- SC.912.L.17.18: Describe how human population size and resource use relate to environmental quality.
- SC.912.L.17.20: Predict the impact of individuals on environmental systems and examine how human lifestyles affect sustainability.
- SC.912.E.6.6: Analyze past, present, and potential future consequences to the environment resulting from various energy production technologies.
- SC.912.N.4.2: Weigh the merits of alternative strategies for solving a specific societal problem by comparing a number of different costs and benefits such as human, economic and environmental.
An important thing to note is that each of the standards listed here so far start with “SC.912.” The 912 means it’s a standard for grades 9 through 12, in other words high school. There are no climate change standards at all for the elementary or middle school levels in Florida.
Can a thorough examination of climate change be built around the five main climate change standards and the other supporting standards? If the teacher is well versed in climate change, then definitely. But any science teacher not familiar with climate change will likely completely miss the opportunity to provide students even a basic foundation on it based on the standards alone.
Sadly, there is a high chance that many biology, earth/space, environmental science, and marine science teachers don’t have a good working knowledge of the climate change topic. For instance, my state teacher certification is in biology. The certification qualifies me to teach environmental science, which I have been doing for about six years. I didn’t learn anything about climate change in my college courses and I haven’t received any professional development training on it. I had to learn about climate change on my own. How many other teachers are in the same situation? And how many of them might be using unreliable Internet sources?
I’m skeptical of the D grade the report’s reviewers gave Florida. I believe it should have been lower. Here are the criteria the reviewers used and the grade for each that Florida received.
- (D) It’s real: Recent climate change is a genuine phenomenon.
- (D) It’s us: Human activity is responsible for the global change in climate.
- (C-) It’s bad: Climate change is affecting and will continue to affect nature and society.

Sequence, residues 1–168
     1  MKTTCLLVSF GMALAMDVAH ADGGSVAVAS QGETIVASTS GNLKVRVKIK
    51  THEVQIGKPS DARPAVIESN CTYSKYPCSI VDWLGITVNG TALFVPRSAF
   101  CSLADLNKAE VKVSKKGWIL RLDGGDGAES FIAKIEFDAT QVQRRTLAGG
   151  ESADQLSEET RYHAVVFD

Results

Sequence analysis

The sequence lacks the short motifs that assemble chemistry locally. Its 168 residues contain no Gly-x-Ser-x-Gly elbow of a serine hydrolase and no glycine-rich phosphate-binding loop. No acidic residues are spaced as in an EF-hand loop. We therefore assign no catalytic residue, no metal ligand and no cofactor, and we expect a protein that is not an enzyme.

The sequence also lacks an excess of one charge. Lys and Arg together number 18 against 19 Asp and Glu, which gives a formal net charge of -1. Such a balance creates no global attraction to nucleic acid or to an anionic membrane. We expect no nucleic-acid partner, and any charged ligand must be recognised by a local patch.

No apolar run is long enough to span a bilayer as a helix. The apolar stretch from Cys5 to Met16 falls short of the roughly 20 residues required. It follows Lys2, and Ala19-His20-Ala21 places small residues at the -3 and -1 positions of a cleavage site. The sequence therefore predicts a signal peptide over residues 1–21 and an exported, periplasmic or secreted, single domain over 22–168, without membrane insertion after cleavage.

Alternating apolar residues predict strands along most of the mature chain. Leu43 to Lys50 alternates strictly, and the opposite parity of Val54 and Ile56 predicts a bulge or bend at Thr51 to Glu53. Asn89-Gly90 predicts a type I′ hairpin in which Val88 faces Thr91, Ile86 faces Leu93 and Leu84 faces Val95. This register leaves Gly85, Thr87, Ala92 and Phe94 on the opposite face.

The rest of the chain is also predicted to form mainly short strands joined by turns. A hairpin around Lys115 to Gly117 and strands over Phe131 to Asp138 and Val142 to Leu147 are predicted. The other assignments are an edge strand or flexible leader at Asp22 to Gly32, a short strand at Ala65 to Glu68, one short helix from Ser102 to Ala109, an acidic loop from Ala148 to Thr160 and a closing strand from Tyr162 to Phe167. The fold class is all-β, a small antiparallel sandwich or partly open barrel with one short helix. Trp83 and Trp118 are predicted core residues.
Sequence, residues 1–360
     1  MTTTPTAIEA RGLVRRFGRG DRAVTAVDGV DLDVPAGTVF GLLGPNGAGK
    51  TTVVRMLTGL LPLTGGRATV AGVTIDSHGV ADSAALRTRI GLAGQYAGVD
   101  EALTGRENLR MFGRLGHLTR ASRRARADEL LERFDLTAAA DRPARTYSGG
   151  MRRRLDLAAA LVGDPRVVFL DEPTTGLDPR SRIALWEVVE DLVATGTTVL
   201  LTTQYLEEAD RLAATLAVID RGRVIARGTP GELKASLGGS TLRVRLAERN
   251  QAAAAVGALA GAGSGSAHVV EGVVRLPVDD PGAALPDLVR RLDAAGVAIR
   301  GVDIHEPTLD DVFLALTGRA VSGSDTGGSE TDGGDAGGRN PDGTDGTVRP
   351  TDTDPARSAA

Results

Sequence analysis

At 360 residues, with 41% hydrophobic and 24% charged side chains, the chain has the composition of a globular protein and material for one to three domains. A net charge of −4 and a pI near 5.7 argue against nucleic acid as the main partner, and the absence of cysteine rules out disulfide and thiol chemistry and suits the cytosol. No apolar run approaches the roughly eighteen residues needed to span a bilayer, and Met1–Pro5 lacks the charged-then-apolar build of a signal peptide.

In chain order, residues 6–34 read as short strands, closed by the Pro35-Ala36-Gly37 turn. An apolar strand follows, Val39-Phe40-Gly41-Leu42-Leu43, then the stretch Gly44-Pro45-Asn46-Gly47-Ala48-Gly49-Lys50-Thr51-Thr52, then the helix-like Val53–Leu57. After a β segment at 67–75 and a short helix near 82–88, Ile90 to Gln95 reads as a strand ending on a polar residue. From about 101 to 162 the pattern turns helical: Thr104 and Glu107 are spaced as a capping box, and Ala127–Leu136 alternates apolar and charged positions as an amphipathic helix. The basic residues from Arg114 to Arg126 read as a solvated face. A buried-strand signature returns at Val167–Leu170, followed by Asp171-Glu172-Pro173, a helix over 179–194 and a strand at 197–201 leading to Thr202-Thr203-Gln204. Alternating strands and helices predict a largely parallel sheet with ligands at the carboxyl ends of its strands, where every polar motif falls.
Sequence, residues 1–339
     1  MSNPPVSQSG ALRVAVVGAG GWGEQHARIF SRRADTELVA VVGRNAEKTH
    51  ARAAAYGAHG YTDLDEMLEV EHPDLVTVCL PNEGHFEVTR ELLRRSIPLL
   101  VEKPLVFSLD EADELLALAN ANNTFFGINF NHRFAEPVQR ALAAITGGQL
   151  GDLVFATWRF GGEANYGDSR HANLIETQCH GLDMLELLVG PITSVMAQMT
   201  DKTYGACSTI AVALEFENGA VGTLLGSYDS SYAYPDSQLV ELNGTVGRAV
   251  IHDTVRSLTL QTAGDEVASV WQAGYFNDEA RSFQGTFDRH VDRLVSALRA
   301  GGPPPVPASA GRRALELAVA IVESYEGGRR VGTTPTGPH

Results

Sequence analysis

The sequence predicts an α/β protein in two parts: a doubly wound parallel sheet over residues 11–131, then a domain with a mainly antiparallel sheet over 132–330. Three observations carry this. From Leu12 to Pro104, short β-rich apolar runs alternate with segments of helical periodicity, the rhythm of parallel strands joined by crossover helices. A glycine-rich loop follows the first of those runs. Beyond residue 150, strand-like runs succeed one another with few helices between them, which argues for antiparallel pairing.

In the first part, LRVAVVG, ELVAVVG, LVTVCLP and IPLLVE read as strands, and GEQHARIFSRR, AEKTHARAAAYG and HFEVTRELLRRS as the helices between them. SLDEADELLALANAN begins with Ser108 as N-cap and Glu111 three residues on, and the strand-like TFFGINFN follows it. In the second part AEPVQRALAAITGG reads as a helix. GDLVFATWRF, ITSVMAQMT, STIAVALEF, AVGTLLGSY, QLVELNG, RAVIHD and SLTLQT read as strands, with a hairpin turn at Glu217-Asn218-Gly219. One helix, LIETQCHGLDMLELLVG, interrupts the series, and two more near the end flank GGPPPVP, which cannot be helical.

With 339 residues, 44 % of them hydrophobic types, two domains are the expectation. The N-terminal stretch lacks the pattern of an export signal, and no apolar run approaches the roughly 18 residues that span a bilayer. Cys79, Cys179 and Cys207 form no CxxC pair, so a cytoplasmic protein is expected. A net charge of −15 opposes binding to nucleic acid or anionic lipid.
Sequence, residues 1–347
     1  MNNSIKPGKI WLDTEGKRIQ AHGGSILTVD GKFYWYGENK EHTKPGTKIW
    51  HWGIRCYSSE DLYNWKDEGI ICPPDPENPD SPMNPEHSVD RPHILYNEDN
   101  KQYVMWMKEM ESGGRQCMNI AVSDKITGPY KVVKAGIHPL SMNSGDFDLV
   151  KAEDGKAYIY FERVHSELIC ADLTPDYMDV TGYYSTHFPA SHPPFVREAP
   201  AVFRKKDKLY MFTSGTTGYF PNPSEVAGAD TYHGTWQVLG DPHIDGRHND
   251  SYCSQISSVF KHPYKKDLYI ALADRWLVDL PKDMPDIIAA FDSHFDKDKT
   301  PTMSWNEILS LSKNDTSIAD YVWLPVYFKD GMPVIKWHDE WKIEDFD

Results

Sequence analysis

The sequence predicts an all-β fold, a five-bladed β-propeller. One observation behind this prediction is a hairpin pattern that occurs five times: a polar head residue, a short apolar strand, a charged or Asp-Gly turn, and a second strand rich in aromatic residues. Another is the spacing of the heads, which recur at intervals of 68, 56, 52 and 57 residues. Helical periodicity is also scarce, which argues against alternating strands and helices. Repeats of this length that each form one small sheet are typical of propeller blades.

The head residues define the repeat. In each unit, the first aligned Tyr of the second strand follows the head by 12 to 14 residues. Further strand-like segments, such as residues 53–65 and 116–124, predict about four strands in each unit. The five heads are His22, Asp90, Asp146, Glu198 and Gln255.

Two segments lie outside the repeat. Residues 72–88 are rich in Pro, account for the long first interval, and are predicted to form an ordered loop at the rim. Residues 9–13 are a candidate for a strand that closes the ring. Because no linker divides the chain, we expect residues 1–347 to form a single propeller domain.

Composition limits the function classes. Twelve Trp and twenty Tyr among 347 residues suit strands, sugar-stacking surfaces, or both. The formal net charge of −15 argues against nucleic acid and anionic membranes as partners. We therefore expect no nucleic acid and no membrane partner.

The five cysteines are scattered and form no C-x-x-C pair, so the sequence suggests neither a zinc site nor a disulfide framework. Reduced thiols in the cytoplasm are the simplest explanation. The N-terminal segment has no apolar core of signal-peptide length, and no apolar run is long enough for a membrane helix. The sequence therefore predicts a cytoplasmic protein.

- (F) There’s hope: It is possible to mitigate and adapt to climate change.
- (D) To what extent is the treatment of the issue in the standards helpful in permitting students to reach these conclusions?
- (D) To what extent is the treatment of the issue in the standards appropriately explicit?
- (D) To what extent is the treatment of the issue in the standards integrated in a coherent learning progression?
- (D) To what extent do the standards make it clear to teachers what knowledge and skills students are expected to attain?
- (D) To what extent would a student who met the performance expectations in the standards relevant to the issue be prepared for further study in higher education?
- (D) To what extent would a student who met the performance expectations in the standards relevant to the issue be prepared for responsible participation in civic deliberation about climate change?
Based on the five standards explicitly about climate change, I don’t see how Florida didn’t get straight Fs.
Will Florida public school students encounter quality climate change lessons by the time they graduate? That will all depend on what science courses they take and how knowledgeable the science teachers are on the topic. Students need three science credits to graduate high school. One of those courses is mandatory for all students: biology. Climate change might be briefly mentioned in biology but there is unlikely to be a comprehensive lesson on the subject in that course. What if a student takes biology, chemistry and physics as their three science credits? Then it’s possible the student will never receive a lesson on climate change.
Why is teaching climate change important? The report’s section on Florida states: “How can students and teachers hope [one of the grading criteria] if there is no connection to how bad the problem is? Specifically, for the state of Florida, sea level rise and hurricanes should at the very least be discussed.” How can we hope to solve Florida’s climate change related issues if our students know little to nothing about it? Our 12-year-old state science education standards clearly need an update. But in today’s Florida political climate, I don’t see that happening anytime soon.